I would also have stuck with a training formula that I knew worked. Runners are always looking for that extra thing for improvement, which is important. But it can send you off on a tangent, when what you should really do is just stick with a plan that works and be patient.
Sussex vet cross-country champion, winner of The Grizzly, Beachy Head Marathon and North Downs Run
42, runner for 34 years
I wish I hadn’t bought into the myth that lightweight shoes are only for race day and that you need a structured, cushioned shoe to avoid injury. It was only in 2010 that I started training in lighter, more minimal shoes and it felt very daring to break away from the norm! Now I wear them all the time – whether it’s for a track session or a marathon – and my running feels freer as a result. Plus, I don’t get the sore calves that I used to get when I switched from trainers to racing flats.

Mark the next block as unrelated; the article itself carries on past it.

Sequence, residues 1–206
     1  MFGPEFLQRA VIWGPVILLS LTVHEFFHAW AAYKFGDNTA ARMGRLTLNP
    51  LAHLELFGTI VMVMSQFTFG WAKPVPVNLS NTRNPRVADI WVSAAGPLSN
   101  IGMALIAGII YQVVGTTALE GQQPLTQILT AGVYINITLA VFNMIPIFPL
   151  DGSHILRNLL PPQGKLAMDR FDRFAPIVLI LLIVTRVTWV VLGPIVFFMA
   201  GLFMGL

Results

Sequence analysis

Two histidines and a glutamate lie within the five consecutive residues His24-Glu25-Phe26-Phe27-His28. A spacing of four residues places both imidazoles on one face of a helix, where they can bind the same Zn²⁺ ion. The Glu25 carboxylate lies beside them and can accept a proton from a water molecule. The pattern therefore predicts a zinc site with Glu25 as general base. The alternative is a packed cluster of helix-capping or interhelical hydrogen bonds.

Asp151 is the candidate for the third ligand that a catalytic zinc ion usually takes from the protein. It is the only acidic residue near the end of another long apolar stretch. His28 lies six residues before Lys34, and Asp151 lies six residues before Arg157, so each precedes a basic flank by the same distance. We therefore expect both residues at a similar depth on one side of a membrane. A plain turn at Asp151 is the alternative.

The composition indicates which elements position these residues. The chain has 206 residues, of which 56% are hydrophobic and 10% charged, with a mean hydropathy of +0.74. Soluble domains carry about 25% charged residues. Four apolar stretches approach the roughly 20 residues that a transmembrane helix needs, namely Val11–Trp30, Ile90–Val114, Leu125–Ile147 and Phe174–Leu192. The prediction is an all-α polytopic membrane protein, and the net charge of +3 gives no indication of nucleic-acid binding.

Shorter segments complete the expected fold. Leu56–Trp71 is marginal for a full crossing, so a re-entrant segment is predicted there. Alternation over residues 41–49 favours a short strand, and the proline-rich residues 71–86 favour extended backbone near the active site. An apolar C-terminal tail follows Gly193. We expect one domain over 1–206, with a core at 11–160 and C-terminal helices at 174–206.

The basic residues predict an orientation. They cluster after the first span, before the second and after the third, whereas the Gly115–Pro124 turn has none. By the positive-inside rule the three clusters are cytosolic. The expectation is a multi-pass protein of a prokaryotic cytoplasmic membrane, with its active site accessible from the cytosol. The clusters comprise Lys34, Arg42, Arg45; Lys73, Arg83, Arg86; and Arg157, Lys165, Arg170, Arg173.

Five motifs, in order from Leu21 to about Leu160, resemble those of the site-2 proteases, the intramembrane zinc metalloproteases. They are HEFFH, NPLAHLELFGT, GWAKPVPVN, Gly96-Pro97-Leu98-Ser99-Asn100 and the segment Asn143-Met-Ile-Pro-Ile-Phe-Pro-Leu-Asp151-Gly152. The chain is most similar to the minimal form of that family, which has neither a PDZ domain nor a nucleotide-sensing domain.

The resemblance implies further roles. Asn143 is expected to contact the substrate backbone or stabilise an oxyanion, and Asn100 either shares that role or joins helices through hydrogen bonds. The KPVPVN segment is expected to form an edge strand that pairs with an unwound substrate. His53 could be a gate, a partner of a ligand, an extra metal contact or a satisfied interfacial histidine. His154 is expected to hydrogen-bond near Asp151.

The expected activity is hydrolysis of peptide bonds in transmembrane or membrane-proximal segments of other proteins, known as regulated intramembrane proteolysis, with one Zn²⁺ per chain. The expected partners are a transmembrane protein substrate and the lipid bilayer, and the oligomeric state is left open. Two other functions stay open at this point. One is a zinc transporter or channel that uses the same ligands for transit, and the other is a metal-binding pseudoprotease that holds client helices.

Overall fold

Running coach, former international runner and national duathlon champion
44, runner for 34 years
7 things I wish I’d known…
That it’s OK to have regular planned rest days
There are many ways to achieve a performance outcome
My legs would carry me faster than I thought. Push yourself
Talking toilet roll to every event is a really good ideal
Rivals are to be respected, but also taken down
My body really doesn’t like pasta the night before a race
It’s important to look around and enjoy the moment
Running coach, two-time Olympic marathoner, Commonwealth medallist
41, runner for 32 years
I wish I’d known that training harder, more, and more often doesn’t always equate to better performance. Balance, and getting better at listening to my body brought about results. One bad day at the running office doesn’t make you a bad runner. It can be turned around quite quickly.
I also wish that I’d learned how to be calmer when I found myself in stressful situations. Calm, focused and purposeful performances are what creates success. Relax and run hard – simple.